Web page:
World Library  
Flag as Inappropriate
Email this Article

Redeemer (Christianity)

Article Id: WHEBN0029159078
Reproduction Date:

Title: Redeemer (Christianity)  
Author: World Heritage Encyclopedia
Language: English
Subject: List of places of worship in Berlin, Christology, Transfiguration Cathedral in Odessa, Doctrine, Messiah
Collection:
Publisher: World Heritage Encyclopedia
Publication
Date:
 

Redeemer (Christianity)

In Christian theology, Jesus is sometimes referred to as a Redeemer. This refers to the salvation he is believed to have accomplished, and is based on the metaphor of redemption, or "buying back". Although the Gospels do not use the title "Redeemer", the word "redemption" is used in several of Paul's letters. Leon Morris says that "Paul uses the concept of redemption primarily to speak of the saving significance of the death of Christ."[1] The English word redemption means 'repurchase' or 'buy back', and in the Old Testament referred to the ransom of slaves (Exodus 21:8).[2] In the New Testament the redemption word group is used to refer both to deliverance from sin and freedom from captivity.[3]

The concept of the redeemer is used in the Book of Ruth to refer to the kinsman-redeemer, and in the Book of Isaiah to refer to God, the "Redeemer of Israel".

Many Christian churches are named "Redeemer", such as Redeemer Presbyterian Church (New York City) and the Lutheran Church of the Redeemer, Jerusalem. Other institutions which carry the name are the Roman Catholic Congregation of the Most Holy Redeemer and Redeemer University College in Ancaster, Ontario. The Christ the Redeemer statue in Rio de Janeiro is a famous landmark.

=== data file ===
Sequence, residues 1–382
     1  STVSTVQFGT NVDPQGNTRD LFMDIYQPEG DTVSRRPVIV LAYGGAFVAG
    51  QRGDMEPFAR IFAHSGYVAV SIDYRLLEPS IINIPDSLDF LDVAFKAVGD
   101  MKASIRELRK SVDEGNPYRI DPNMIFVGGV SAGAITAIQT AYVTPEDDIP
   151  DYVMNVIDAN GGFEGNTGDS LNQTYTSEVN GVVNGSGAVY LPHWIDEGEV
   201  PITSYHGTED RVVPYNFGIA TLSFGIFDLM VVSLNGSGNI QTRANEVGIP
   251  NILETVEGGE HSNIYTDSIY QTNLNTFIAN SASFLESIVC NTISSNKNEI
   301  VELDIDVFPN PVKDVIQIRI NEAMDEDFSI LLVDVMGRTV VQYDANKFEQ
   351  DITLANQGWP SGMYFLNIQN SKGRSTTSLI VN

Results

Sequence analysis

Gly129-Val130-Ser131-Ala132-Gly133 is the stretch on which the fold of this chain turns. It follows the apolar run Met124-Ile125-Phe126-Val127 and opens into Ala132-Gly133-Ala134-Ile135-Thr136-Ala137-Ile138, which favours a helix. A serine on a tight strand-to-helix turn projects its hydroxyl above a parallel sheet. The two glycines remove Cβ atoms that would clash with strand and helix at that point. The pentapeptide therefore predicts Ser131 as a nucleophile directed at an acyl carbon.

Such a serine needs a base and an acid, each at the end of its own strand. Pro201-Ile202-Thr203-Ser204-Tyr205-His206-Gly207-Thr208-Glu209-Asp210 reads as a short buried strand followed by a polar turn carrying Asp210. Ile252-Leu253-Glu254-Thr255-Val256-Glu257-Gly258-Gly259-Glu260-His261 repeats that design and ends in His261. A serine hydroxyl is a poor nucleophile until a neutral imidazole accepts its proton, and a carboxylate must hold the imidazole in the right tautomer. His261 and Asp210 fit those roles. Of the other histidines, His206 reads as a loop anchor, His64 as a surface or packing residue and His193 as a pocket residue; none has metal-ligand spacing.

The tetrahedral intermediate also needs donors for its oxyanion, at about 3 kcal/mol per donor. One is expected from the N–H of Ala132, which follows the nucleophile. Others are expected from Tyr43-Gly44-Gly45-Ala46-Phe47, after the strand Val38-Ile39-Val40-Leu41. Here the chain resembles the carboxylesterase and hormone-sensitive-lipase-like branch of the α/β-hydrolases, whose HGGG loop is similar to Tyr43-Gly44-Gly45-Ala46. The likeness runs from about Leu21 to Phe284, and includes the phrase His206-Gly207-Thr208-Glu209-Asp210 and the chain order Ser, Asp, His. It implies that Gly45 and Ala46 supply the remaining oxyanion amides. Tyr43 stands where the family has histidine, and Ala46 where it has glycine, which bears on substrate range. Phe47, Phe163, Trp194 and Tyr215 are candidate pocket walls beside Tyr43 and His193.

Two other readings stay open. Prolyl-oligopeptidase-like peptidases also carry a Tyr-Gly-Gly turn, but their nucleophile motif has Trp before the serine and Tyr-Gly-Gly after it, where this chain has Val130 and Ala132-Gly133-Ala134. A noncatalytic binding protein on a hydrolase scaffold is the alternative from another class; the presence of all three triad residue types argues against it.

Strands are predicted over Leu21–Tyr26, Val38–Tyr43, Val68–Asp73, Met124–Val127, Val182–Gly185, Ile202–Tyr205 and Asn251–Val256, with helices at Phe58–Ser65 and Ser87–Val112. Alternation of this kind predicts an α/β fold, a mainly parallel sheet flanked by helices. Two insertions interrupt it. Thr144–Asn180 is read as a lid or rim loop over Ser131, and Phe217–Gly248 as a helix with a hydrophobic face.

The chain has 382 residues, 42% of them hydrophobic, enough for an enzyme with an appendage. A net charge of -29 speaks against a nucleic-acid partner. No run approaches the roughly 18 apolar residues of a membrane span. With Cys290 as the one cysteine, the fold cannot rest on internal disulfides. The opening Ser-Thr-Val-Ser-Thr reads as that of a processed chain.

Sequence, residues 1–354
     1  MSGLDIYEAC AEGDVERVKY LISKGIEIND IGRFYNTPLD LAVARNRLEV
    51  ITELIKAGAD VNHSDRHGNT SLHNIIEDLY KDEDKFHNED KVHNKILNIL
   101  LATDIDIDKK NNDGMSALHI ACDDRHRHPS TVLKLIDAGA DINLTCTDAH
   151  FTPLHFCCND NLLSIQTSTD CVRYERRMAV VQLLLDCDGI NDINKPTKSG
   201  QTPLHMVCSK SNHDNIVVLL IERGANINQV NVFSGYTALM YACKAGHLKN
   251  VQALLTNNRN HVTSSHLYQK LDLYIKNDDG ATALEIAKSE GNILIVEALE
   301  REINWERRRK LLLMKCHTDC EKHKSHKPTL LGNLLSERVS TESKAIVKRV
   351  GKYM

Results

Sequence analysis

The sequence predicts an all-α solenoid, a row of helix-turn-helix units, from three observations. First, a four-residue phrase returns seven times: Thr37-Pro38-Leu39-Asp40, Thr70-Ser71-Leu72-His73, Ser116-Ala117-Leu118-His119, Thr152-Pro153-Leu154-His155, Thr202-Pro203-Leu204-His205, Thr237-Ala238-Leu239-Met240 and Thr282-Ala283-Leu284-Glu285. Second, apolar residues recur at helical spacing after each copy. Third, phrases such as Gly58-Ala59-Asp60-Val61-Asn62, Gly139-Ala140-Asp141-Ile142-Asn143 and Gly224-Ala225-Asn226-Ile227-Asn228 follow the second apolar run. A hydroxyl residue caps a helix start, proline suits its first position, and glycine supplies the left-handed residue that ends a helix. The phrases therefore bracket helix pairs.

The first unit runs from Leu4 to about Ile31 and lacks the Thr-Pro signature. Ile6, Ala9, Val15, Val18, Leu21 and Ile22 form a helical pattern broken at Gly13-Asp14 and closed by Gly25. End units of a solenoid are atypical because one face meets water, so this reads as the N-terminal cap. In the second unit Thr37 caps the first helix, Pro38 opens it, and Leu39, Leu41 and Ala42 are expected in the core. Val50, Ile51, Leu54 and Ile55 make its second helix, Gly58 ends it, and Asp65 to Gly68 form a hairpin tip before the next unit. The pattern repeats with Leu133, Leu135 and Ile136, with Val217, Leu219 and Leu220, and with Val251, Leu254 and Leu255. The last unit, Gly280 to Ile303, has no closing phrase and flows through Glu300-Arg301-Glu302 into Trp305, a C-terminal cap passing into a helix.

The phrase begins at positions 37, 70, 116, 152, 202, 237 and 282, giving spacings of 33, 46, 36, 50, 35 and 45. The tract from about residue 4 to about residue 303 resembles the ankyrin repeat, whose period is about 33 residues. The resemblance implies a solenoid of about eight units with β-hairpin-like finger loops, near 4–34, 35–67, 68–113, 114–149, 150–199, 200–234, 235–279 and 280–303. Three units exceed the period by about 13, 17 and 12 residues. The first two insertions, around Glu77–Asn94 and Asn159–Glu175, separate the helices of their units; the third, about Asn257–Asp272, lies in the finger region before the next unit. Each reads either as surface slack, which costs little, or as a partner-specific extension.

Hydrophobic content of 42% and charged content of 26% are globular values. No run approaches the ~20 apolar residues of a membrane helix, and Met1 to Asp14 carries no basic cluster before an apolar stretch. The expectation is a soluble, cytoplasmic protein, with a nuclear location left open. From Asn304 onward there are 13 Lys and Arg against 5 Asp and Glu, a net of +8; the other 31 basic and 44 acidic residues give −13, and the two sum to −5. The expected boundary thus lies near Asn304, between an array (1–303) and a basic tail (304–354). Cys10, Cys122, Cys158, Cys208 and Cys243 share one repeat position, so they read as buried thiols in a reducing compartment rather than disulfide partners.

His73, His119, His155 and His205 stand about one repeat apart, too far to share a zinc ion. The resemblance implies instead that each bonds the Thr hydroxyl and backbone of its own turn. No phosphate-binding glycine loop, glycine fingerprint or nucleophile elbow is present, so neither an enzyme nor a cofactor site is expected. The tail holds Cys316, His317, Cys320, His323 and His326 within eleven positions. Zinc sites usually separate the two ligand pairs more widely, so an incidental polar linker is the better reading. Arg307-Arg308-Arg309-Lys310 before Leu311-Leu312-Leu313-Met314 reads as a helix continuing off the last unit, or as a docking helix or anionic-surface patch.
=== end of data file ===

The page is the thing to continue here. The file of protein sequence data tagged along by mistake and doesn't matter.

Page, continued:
In Handel's Messiah.

Universality

Christ the Redeemer by Titian (c.1534), Palazzo Pitti, Florence.

The [5] This New Testament sense of Christ's indispensable and necessary role for human salvation could be summarized by a new axiom: extra Christum nulla salus (outside Christ no salvation). This sense of his all-determining role in the whole redemptive drama is suggested by a fact: unlike the Old Testament, where various human beings could be called "saviour" (e.g., Judges 3: 9, 15, 31), the New Testament gives the title "Saviour" only to God (eight times) and to Christ (sixteen times).[5]

See also

References

  1. ^ Leon Morris, 'Redemption' Dictionary of Paul and his Letters (Downers Grove: InterVarsity Press, 1993): 784.
  2. ^ Bruce Demarest, The Cross and Salvation: The Doctrine of Salvation (Wheaton: Crossway Books, 1997): 176.
  3. ^ Demarest, The Cross and Salvation, 177.
  4. ^ On Christ's role as universal Saviour, cf. Gerald O'Collins, Salvation for All: God's Other Peoples, OUP (2008).
  5. ^ a b For this section, and its respective themes and positions, compare Gerald O'Collins, Christology: A Biblical, Historical, and Systematic Study of Jesus, OUP (2009), pp. 297-333. Cf. also O'Collins, Salvation for All: God's Other Peoples, cit.; id., Jesus: A Portrait, Darton, Longman & Todd (2008), Chs 11-12; id., Incarnation, Continuum (2002), pp. 36-42; J.A. Fitzmyer, The Gospel According to Luke I-IX, Doubleday (1981), pp. 79-82; Karl Rahner, Foundations of Christian Faith, trans. W.V. Dych, Darton, Longman & Todd (1978), pp. 193-195, 204-206, 279-280, 316-321.

Bibliography

A series of articles on
Christology

  • Borgen, Peder. Early Christianity and Hellenistic Judaism. Edinburgh: T & T Clark Publishing. 1996.